“YouTube is not about telling stories or developing narratives”
Through this concept, people have posted things from skateboard videos, to cats walking on treadmills. This freedom has started several different subsets of internet culture, and opportunity. I myself have uploaded a few videos over the past few years, though I find that I, along with the majority of people utilizing YouTube’s service, generally stick to watching other people’s videos with the occasional comment if something from the video provokes me to do so.
As far as opportunity goes, people have started to take advantage of this video system and started profiting through YouTube’s partner program. Through this program people are paid according to how many views their videos get and how many ads they have agreed to place on their “channel”. Many people have been able to quit their day jobs to do this, and the most successful “YouTubers” are making well above 6 figures, by doing nothing more than posting their videos to YouTube. For this reason, many people have begun flocking to YouTube for their chance to “make it big”.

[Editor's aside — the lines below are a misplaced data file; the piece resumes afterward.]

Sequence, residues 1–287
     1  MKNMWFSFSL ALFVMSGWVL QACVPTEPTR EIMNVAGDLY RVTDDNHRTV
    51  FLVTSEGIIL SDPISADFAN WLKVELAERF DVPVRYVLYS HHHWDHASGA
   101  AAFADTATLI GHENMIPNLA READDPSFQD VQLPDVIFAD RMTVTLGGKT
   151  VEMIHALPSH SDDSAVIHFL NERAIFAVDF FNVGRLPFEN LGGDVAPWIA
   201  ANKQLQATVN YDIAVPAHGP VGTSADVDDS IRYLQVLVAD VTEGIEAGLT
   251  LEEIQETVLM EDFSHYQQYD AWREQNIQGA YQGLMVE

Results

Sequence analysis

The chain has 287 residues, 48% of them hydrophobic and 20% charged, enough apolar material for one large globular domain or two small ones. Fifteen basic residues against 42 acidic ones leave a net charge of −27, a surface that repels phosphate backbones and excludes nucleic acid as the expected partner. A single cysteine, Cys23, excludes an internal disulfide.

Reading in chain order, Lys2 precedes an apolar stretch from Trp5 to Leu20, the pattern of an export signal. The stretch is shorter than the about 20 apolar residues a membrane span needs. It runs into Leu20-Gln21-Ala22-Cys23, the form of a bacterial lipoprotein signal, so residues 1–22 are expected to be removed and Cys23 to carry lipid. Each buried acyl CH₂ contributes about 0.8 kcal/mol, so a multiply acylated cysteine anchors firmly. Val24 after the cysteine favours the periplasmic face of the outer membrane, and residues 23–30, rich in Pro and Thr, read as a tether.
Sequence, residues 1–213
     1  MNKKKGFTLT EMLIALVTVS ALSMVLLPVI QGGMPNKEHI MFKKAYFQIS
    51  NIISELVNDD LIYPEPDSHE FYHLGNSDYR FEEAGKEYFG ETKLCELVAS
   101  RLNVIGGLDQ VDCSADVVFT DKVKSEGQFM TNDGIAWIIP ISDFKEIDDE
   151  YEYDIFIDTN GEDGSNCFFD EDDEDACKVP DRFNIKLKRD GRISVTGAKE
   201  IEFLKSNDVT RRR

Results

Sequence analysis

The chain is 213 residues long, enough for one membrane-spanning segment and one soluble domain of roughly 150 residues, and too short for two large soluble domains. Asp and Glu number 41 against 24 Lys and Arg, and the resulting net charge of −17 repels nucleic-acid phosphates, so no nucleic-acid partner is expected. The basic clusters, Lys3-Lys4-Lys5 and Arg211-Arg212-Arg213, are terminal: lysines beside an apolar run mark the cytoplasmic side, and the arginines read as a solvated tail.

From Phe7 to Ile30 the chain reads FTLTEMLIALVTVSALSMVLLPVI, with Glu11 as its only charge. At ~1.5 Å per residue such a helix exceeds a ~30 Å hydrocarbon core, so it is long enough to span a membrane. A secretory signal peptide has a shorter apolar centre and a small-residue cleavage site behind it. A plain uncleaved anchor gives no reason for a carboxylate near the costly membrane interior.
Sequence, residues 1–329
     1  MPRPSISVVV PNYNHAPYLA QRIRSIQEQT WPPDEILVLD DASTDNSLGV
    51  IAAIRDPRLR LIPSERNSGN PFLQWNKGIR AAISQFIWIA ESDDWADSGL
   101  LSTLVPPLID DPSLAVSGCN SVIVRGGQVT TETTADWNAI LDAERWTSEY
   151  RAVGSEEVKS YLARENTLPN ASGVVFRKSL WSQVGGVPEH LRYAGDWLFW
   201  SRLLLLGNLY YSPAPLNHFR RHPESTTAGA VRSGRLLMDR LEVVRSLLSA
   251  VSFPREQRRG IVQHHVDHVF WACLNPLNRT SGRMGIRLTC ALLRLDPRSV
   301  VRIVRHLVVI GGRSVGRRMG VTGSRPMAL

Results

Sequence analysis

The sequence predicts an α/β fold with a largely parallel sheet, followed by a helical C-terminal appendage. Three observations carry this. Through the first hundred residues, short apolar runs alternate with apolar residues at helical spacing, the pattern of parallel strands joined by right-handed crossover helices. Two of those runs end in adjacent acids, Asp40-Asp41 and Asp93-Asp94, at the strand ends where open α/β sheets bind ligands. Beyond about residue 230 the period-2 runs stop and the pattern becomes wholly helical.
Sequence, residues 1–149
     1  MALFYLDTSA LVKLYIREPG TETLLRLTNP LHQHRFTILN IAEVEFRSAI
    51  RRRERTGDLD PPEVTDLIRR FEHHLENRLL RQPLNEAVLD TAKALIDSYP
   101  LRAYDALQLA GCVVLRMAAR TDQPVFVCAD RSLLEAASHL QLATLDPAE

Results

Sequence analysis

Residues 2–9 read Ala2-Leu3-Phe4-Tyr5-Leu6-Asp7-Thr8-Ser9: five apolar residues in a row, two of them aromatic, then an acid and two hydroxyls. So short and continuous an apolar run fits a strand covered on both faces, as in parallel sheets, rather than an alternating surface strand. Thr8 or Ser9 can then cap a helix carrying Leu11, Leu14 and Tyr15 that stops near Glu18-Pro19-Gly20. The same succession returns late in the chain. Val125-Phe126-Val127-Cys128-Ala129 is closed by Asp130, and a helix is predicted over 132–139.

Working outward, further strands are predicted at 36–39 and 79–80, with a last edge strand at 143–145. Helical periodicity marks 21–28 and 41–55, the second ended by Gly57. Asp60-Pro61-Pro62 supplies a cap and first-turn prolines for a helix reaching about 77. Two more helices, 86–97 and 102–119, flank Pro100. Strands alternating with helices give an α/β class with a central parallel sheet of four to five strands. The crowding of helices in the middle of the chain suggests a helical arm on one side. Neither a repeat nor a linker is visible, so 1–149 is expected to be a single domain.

Although I feel YouTube is mostly a positive for the internet as a whole, there is one inhibiting aspect that must be considered. As Teresa Rizzo said:
“Youtube clips blur the distinction between the private and public sphere”
When you post a video to YouTube, it is visible to everyone. There is no privacy, and you can’t take back something after you’ve posted it. Even if you delete the video from YouTube, someone could have potentially downloaded it to their computer, or even posted it somewhere else. This aspect turns many people away from the service.